Under the terms of that contract the boat owner furnishes and maintains only the boat and gear; the captain and crew pay all the expenses of a fishing trip, including fuel, food and ice. The fishermen control the catching and sale of fish.The boat owner has no control over the areas in which fishing will be done, the length of the voyage, or the amount of fish that will be caught on a particular trip. The contract further provides that the crew members, the boat captain, and the boat owner "each receive a stipulated share of the proceeds received upon sale of the catch" and "Each fisherman who is a member of the crew risks making a profit or loss, according to the success or failure of each fishing trip." When the vessel returns, each boatload of fish is sold separately by the boat captain at a fish auction controlled by the Union although the Union members "do not act collectively" though the Union in producing and marketing their catch. A "substantial quantity" of the fish which the dealers in New Bedford purchase is "immediately resold by them and shipped in interstate commerce to wholesalers and retailers in states other than Massachusetts.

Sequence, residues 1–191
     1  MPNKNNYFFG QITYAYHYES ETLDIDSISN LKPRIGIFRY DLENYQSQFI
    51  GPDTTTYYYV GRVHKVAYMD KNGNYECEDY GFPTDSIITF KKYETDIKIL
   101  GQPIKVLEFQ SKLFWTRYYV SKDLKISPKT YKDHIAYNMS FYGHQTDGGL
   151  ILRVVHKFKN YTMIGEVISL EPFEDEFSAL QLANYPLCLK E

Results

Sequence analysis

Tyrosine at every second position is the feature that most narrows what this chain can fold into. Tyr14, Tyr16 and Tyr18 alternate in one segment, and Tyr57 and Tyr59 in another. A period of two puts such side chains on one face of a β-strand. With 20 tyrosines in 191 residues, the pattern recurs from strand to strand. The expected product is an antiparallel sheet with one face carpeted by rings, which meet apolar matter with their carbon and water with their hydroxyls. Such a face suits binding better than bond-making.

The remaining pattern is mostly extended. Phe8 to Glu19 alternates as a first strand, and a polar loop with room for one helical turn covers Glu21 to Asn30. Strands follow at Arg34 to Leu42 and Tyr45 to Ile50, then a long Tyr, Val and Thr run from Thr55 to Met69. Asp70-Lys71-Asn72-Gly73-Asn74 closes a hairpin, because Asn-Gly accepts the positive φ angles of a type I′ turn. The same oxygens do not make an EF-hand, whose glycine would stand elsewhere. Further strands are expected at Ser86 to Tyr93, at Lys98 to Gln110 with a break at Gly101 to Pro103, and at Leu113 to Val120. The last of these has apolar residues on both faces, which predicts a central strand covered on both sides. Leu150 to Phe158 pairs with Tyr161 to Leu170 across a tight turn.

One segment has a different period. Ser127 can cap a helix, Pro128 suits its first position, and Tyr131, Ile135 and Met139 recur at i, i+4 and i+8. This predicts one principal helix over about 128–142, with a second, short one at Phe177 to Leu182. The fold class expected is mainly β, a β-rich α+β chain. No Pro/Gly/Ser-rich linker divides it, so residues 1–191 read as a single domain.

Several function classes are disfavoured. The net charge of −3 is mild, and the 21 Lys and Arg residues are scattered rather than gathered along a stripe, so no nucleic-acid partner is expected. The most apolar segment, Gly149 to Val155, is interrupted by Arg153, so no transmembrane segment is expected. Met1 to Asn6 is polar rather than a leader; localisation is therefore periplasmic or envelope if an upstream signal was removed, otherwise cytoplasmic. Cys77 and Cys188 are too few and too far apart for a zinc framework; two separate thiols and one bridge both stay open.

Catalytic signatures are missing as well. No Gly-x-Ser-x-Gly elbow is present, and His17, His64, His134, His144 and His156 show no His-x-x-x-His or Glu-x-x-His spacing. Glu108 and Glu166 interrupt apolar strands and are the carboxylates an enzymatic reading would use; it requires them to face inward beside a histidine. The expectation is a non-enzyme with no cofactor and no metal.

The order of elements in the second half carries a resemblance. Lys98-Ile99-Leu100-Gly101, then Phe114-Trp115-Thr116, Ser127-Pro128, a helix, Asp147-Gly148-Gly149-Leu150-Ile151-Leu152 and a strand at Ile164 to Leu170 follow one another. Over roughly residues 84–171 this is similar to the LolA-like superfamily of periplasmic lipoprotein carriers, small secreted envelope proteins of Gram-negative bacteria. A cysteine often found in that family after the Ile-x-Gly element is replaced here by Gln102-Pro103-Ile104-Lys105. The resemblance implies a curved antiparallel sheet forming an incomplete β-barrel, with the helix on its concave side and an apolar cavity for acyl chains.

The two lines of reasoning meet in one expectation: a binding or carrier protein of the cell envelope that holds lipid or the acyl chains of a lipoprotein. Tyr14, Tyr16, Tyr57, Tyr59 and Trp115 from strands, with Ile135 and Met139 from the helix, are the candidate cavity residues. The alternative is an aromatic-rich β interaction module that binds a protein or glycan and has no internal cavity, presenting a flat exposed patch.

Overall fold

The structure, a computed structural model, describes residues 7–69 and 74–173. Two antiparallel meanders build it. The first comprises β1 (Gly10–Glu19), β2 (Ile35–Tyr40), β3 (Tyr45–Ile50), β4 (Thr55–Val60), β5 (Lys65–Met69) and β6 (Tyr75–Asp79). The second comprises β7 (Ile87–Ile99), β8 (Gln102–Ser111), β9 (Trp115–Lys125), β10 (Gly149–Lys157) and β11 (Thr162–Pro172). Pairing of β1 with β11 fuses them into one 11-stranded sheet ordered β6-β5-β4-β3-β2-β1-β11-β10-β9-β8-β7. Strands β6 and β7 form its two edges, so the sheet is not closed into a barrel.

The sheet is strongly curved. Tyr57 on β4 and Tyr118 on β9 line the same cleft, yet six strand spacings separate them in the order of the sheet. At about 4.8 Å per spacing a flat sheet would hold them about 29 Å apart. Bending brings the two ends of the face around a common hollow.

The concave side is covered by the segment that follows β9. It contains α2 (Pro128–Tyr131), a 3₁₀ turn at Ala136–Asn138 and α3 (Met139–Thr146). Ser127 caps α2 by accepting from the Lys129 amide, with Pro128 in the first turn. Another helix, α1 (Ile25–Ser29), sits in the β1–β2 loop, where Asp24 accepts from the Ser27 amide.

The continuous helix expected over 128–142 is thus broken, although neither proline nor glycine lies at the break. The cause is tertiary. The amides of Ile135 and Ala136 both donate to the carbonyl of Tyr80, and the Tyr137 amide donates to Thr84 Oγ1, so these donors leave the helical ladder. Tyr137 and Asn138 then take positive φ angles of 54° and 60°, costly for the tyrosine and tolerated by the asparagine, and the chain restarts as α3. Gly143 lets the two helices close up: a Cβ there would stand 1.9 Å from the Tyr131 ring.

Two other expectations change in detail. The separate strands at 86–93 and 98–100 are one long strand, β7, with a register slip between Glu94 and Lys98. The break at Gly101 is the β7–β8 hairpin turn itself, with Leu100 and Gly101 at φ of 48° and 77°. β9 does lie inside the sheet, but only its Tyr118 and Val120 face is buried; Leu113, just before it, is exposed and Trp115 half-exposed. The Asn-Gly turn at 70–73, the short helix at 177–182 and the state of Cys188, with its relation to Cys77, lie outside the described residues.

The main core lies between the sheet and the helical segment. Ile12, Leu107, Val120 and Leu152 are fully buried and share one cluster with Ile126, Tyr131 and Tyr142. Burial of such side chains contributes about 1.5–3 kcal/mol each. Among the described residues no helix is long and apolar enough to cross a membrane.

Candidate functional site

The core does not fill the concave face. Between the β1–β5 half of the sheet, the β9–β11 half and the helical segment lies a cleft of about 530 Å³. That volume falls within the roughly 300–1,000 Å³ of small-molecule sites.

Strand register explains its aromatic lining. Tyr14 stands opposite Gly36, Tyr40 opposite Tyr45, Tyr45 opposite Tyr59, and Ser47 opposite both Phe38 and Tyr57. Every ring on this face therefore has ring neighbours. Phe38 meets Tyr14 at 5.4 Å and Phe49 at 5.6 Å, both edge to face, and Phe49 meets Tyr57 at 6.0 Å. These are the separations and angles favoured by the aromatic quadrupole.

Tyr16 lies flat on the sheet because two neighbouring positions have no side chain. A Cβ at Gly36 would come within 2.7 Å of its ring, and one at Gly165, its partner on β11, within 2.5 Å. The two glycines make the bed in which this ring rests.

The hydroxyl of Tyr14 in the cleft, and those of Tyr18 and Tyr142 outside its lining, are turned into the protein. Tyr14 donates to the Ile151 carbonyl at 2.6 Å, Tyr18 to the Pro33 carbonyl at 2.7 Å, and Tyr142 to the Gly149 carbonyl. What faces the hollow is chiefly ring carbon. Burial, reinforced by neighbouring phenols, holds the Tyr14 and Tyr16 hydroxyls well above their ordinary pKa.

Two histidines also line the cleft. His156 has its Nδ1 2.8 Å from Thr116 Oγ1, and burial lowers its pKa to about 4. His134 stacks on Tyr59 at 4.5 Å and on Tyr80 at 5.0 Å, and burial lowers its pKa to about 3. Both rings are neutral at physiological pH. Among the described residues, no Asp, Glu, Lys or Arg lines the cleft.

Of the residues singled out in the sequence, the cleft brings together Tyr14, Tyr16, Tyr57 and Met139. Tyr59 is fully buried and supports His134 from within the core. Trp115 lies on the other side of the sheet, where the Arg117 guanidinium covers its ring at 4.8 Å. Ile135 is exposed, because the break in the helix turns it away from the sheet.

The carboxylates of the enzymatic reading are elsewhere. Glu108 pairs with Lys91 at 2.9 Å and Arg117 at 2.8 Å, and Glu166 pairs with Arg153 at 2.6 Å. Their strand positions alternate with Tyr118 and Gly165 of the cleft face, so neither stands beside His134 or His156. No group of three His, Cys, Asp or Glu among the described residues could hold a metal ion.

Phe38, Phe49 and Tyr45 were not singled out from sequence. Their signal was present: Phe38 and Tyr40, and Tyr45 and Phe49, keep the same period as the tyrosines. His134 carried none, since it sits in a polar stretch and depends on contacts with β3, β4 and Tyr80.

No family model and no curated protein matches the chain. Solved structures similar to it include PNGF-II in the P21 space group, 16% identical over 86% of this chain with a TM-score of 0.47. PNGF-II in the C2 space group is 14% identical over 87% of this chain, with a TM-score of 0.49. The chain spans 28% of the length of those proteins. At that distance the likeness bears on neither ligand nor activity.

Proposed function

Since 1943 the defendants have been engaged in a combination and conspiracy to restrain unreasonably the production and sale of fish in New Bedford. The combination and conspiracy have consisted of a continuing agreement among the defendants to limit the amount and type of fish caught; to fix and maintain prices, terms, and conditions of sales of fish to dealers in New Bedford; to compel and coerce dealers to purchase fish under terms and conditions which the defendants dictated; to require that all sales of fish in New Bedford be made through the fish auction controlled by the Union; and to boycott dealers who purchase fish from fishermen outside the auction. The defendants, in order to effectuate the conspiracy and combination, have done those things which they combined, conspired and agreed to do.